I'm sure some of those portrayed in the film may disagree with some of the characterisation and dramatisation of the events (as I think is probably inevitable in any film which looks to portray real life events), but it always feels as though the reality of the story is central to the way the film was made.
Spotlight is probably the most honest, compelling watch of the year, and I would thoroughly reccommend it. In particular, the performances by Michael Keaton & Mark Ruffalo are not to be missed.
‘Spotlight’ refers to the investigative team led by editor Walter Robinson (Michael Keaton), whose team is made up of reporters Matty Carroll (Brian d’Arcy James), Sacha Pfeiffer (Rachel McAdams), and Michael Rezendes (Mark Ruffalo). Their new editor-in-chief Marty Baron (Liev Schreiber) wants the Spotlight team to dig further into Father John Geoghan, accused of sexually abusing 80 children while serving in different parishes. “So you want to sue the church?!” asks managing editor Ben Bradlee Jr. (John Slattery), how could the team refuse such a potentially huge story?
Director Tom McCarthy films everything with realism and detail in mind, there’s none of the usual sensationalistic Hollywood David-versus-Goliath grandstanding. ‘Spotlight’ concentrates on the unglamorous and often fruitless rigours of journalism; reading through telephone books, pounding the streets, chasing down leads, knocking upon countless doors, and generally annoying everyone in the process. Its a thoughtful, honest portrayal, backed by a great cast who were all spot on, especially Mark Ruffalo and Michael Keaton.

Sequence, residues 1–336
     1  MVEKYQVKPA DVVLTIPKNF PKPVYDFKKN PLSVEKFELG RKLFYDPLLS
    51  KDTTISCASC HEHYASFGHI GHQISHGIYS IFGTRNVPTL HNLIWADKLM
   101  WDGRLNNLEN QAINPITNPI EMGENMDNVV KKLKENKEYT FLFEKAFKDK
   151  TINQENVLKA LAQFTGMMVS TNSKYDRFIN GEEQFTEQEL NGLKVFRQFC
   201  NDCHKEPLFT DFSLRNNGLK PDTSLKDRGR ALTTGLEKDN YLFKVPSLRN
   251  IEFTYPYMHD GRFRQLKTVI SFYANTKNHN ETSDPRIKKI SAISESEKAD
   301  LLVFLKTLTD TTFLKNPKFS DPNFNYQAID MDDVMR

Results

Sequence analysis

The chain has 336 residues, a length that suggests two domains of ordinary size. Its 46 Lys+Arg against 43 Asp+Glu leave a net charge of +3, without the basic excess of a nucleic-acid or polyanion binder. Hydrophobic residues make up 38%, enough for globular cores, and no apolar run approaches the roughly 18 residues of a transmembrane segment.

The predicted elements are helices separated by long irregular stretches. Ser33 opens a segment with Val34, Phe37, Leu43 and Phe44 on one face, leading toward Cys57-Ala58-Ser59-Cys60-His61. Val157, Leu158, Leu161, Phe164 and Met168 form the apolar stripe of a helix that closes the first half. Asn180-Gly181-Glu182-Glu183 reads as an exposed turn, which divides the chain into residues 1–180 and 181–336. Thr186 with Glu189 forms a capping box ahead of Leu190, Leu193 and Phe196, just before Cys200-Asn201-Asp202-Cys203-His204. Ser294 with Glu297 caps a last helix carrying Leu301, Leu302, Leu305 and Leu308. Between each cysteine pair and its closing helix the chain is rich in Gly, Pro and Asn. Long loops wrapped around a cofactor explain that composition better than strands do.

‘Spotlight’ reveals the calculated tactics used by priests, who often targeted boys who needed father figures, in low-income districts. Worse still was the church’s insistence in moving these predators to another church, allowing the priests to carry on regardless. Psychological trauma brought on by abuse is just one result, but it’s not just to the victims.Read more ›
If you have seen trailers for this film you could be misled into thinking that it is full of dramatic speeches and sudden discoveries that crack the investigation. It is actually much more measured and, in my opinion, better than the trailers suggest. There is great cast of quality actors, who all impress without individually dominating the screen time. Cutting between interviews and research, emphasises the sheer scale of the problem and common techniques used by the perpetrators themselves and The Church to cover itself. The film avoids heavy handed dramatisation of good and evil but rather shows the importance of personal responsibility. Turning a blind eye cannot be excused.
Most Recent Customer Reviews
Deserved the Oscar - a film which bears a number of screeningsPublished 2 days ago by Mr. J. I. Shand
This is hard watching purely because the subject matter is hard to get your head around. It is such an important and sensitive telling of the scandal. Read morePublished 9 days ago by Fiona
I love this movie, which tells a true story really well. Would highly recommendPublished 14 days ago by karenm
Couldn't quite catch all the diction due to speed of speech and American drawl.Published 22 days ago by Helen Taylor